Extras:

This will all seem very familiar to those who have the DVD and they are all, so far as I can tell, delivered here in standard def. Audio Commentary with Michel Gondry and Charlie Kaufman Kaufman is one of those writers who likes to let his scripts speak to the viewer / reader themselves. He isn€™t particularly interested in revealing his meanings. Gondry, meanwhile, is either unable or unwilling to switch-off his mischievous sense of humour, meaning that this commentary is a joy to listen to, but tells you virtually nothing about the film. A far more in-depth insight into Kaufman€™s work in general is this hour-and-a-quarter-long interview at the Göteborg International Film Festival earlier this year: Deleted Scenes - 26 mins These scenes €“ as is often the case with deleted scenes €“ add little to the movie, and their inclusion would have only really slowed the pace. They do add flesh to the bones of Joel and Clementine€™s relationship € But it is flesh that was probably better guessed at rather than known. Inside 'Eternal Sunshine of the Spotless Mind' €“ 11.30 €“ Bog-standard mini-documentary that was designed for the miniature attention spans of MTV-type TV channels (people who, in other words, probably wouldn€™t go to see the film anyway). Conversation with Jim Carrey and Director Michel Gondry €“ 15.30 €“ Interestingly, this isn€™t one of those €˜I love you€™, €˜Well I love you€™ things that you might expect of Carrey, instead it is a serious discussion about the film€™s visual style. But Carrey clearly has an artist€™s eye. Have you seen his website? It€™s very cerebral and not a little odd! Much like this film! Watch some of the videos in the €˜Trulife€™ section and tell me he hasn€™t been infected by Gondry€™s view of the world! Conversation with Kate Winslet and Director Michel Gondry - 14.20 €“ Winslet does the Brit thing and ribs Gondry mercilessly about his French accent. Inside the Mind of Director Michel Gondry - 19.45 €“ By the time you get to this item, you won€™t need telling about Gondry€™s own peculiar vision, you€™ll have already seen ample demonstrations of it, but here it is sort-of explained. Anatomy of a Scene: Saratoga Avenue €“ 17.20 €“ The most traditional of extras shows you the industrial magic of the special effects, this analysis of the most effect-heavy scene in the film, shows you, once again, how far from traditional Gondry€™s working methods are. The Polyphonic Spree €œLight & Day€ Music Video €“ 3 mins €“ It€™s a pop video. For completists only. Eternal Sunshine of the Spotless Mind is available now on Blu-ray.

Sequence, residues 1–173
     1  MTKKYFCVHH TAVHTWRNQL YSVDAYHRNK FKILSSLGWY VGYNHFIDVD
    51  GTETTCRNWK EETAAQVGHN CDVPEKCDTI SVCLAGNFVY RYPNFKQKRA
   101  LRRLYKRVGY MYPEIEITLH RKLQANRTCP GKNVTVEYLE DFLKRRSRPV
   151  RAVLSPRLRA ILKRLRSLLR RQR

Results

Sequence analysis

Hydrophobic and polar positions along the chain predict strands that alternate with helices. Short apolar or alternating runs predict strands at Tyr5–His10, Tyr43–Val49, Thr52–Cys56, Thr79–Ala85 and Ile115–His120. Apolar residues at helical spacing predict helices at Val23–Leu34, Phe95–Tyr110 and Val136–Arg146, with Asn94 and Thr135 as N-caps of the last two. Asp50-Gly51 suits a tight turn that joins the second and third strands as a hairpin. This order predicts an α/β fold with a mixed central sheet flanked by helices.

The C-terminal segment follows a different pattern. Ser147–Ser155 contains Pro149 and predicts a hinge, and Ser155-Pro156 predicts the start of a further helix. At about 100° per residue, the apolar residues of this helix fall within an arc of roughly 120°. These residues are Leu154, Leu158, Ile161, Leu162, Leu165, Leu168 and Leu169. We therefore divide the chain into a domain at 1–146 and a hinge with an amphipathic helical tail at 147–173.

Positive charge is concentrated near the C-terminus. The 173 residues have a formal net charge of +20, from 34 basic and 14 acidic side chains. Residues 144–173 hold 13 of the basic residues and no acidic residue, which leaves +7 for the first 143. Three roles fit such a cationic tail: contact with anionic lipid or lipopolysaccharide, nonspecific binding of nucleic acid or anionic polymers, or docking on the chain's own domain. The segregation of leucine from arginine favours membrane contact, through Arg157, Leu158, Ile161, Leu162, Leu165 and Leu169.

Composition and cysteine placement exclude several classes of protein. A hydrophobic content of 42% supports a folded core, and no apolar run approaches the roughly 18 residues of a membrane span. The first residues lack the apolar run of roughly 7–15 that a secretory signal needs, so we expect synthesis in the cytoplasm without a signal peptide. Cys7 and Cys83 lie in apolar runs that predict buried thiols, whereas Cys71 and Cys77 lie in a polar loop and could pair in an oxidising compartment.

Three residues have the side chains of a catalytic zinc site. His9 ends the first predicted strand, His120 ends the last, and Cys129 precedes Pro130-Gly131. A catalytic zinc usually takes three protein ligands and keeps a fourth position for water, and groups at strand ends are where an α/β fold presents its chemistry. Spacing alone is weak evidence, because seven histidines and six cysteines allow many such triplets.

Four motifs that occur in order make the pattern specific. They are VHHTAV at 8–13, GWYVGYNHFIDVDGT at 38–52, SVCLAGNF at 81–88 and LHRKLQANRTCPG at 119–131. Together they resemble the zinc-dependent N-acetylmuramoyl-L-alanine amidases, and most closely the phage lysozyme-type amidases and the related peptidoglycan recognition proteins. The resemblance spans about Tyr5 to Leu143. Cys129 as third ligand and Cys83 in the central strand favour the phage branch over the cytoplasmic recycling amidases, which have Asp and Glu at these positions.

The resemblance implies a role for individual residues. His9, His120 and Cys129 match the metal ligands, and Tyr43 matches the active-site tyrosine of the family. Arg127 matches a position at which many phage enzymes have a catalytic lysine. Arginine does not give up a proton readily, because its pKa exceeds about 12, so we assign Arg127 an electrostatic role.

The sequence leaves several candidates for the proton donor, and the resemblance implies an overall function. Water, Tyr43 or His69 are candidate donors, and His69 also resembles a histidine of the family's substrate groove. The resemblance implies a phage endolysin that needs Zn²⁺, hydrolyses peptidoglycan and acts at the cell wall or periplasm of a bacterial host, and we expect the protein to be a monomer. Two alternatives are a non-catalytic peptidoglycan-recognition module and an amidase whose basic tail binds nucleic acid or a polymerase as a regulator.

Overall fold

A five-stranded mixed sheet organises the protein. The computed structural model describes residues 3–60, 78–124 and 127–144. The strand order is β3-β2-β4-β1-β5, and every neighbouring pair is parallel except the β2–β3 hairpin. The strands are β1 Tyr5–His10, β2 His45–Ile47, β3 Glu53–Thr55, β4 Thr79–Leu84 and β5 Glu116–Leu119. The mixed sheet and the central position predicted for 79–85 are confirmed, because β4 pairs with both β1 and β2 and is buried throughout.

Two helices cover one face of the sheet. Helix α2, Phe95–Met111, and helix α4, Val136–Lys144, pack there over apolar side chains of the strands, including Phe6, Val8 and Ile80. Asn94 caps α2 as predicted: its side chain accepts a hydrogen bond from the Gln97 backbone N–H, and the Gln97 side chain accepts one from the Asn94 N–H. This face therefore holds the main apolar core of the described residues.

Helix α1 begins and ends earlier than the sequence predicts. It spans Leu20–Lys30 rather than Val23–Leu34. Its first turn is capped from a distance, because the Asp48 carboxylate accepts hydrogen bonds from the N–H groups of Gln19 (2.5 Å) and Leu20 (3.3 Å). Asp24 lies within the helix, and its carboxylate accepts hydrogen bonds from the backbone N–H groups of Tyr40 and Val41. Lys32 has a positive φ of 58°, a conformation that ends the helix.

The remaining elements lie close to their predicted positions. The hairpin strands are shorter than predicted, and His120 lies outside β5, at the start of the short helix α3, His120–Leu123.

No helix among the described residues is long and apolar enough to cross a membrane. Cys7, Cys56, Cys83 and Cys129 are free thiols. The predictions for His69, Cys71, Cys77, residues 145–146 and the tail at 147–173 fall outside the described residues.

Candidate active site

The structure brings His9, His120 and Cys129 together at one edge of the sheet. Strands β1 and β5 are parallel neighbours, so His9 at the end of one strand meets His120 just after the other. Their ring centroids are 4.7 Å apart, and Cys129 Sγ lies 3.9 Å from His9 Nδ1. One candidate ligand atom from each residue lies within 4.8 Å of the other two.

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John Ashbrook has been publishing half-assed opinions about films, TV shows et al for twenty years now. He's hosted radio shows, taught Film Studies, written books and magazine articles by the cartload and now composes his own film review blog The Cellulord is Watching ... (www.cellulord.co.uk). Of course, what he *really* wants to do is direct.